Posted by: Ed Hardy
An internal Microsoft memo that has leasked out indicates that Microsoft employees are no longer allowed to use company funds to purchase products made by Apple. This is a sign that the competition between these two has heated up again.
Way back in the 1980s, Microsoft and Apple were bitter rivals in the personal computer market. Apple was ahead at first, but Microsoft eventually came from behind to triumph. By the mid-1990s, Apple was in such dire straights that it was brought back from the brink of bankruptcy only with a bit of help from its old rival. The hatchet had been buried, and Microsoft enjoyed a comfortably huge lead over Apple for another decade.
But a few years ago the competition between these two entered a new phase: Apple released the first iPhone in 2007, and fairly quickly it pushed Microsoft’s Windows Phone off the top spot. And then came the debut of the iPad, and now some pundits are saying that tablets might make PCs irrelevant.
Microsoft had been complacent about Apple for years, as OS X has such a tiny percantange of the sales enjoyed by Windows. But Apple is winning in the smartphone and tablet markets, and Microsoft is taking note.
The most obvious ways the giant from Redmond has reacted is by replacing the business-oriented Windows Mobile with the more consumer-friendly Windows Phone, and by the ongoing development of a version of Windows designed to run on tablets. But Microsoft is reacting in small ways to — like the aforementioned memo informing its employees that the company won’t be buying them any more Apple products.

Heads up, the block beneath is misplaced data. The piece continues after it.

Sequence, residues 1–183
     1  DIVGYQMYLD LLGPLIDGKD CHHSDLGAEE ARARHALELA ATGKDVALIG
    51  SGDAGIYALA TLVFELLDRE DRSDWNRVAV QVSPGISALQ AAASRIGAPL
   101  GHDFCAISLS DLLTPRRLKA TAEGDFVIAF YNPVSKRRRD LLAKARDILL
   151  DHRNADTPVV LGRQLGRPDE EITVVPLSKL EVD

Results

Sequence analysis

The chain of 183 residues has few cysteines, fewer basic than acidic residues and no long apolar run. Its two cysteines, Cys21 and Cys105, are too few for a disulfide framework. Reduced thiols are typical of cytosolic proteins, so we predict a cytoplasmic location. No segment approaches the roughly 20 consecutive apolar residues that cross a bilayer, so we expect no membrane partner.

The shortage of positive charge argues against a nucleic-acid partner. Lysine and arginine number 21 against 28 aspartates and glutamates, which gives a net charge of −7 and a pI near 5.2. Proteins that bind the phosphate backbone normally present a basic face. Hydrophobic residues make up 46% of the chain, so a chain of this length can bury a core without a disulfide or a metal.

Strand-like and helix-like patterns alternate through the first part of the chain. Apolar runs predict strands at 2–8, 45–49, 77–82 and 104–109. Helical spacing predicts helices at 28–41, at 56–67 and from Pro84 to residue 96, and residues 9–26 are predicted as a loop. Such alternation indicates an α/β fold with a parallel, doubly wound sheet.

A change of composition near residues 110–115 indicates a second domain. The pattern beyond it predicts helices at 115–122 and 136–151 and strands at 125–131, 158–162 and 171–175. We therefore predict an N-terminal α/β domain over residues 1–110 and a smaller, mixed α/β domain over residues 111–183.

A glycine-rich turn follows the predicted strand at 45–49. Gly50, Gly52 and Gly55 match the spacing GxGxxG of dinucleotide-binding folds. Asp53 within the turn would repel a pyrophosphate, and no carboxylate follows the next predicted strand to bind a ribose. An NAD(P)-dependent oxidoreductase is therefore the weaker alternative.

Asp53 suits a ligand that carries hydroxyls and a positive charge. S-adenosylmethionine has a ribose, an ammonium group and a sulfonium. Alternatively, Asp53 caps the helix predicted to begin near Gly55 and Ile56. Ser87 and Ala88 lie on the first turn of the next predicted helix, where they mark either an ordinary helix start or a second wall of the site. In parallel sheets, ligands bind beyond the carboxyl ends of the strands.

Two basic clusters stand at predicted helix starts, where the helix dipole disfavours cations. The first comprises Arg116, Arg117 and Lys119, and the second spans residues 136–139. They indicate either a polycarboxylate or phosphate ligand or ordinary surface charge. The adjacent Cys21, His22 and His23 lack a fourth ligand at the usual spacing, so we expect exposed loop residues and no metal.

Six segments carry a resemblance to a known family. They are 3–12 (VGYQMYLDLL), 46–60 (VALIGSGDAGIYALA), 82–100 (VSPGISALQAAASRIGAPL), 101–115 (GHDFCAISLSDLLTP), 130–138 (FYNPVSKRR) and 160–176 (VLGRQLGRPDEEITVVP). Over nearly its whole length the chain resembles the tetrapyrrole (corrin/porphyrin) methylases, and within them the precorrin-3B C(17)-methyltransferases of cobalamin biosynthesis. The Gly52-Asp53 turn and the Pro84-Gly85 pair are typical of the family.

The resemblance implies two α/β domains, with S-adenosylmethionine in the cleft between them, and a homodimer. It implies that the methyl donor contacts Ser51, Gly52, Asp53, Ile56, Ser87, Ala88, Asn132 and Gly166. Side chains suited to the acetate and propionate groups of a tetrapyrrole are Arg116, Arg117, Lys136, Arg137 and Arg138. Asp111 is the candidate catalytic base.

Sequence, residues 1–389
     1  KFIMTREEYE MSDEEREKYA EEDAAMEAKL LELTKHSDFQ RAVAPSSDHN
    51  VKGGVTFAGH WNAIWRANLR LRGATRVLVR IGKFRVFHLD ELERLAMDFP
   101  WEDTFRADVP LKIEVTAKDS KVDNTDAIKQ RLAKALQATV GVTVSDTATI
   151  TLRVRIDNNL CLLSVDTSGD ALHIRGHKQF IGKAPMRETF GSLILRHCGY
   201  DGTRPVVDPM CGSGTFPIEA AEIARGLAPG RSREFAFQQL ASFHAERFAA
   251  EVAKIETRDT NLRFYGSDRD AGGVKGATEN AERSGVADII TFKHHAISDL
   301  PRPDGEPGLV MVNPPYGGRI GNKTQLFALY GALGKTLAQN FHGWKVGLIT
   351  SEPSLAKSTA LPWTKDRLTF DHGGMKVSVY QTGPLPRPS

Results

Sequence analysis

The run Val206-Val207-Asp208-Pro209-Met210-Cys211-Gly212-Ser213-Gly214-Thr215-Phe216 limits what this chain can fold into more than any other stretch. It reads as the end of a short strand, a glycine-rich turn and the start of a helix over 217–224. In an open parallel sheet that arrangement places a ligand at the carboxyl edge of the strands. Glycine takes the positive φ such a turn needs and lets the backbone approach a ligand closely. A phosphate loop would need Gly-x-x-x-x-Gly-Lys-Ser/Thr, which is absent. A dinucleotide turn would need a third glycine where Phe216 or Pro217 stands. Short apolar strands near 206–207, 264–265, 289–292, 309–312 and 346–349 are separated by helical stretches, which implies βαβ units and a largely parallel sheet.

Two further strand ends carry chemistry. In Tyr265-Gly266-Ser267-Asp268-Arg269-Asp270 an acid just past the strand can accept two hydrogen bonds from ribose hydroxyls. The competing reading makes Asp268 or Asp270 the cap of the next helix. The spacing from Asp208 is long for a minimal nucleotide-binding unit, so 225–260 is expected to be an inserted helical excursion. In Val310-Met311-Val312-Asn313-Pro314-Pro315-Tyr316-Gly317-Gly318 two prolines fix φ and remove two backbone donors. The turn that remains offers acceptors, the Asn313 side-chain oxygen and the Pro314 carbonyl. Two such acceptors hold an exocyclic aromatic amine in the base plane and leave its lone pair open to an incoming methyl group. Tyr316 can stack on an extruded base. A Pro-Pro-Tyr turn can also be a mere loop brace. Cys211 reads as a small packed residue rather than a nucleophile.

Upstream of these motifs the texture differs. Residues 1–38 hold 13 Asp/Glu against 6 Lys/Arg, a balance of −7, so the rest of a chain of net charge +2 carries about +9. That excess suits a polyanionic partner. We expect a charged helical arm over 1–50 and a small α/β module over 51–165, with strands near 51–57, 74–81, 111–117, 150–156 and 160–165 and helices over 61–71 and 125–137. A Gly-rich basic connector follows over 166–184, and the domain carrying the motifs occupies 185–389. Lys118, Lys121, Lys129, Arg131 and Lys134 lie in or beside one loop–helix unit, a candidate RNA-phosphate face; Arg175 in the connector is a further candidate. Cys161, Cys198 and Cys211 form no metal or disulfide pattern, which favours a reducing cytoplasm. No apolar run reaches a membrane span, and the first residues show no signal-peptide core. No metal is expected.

At first blush this seems petty, but there’s at least one good reason for it: it always looks bad when your employyees are seen by outsiders using a rival’s products. And it’s not an unusual policy — I’m sure Ford doesn’t by many Chrysler cars for its executives to use.
On the other hand, I’m sure some people will take this as a sign that the Apple has Microsoft spooked, and the Windows-maker is therefore running scared. To me that seems a bit extreme, but I do think there’s small grain of truth to it. Microsoft can no longer afford to smile indulgently at Apple, because it’s once again a serious rival.
If you want to read over the memo that leaked out of Microsoft, I’ve copied it below:
From: Alain Crozier
Sent: Wednesday, March 14, 2012 1:17 PM
Subject: Apple Purchases
Within SMSG we are putting in place a new policy that says that Apple products (Mac & iPad) should not be purchased with company funds.
In the US we will be turning off the Apple products from the Zones Catalog next week, which is the standard purchasing mechanism for these products.
Outside of the US — we will work with your finance and procurement teams to send the right message and put the right processes in place.
The current purchase levels are low, however we recognize there will be a bit of transition work associated with this. Details of historical purchases in the US are provided in the attachment to help understand the changes that will be needed.Thank you for your support and leadership on this.
CFO | WW Sales, Marketing & Services Group
WW SMSG Finance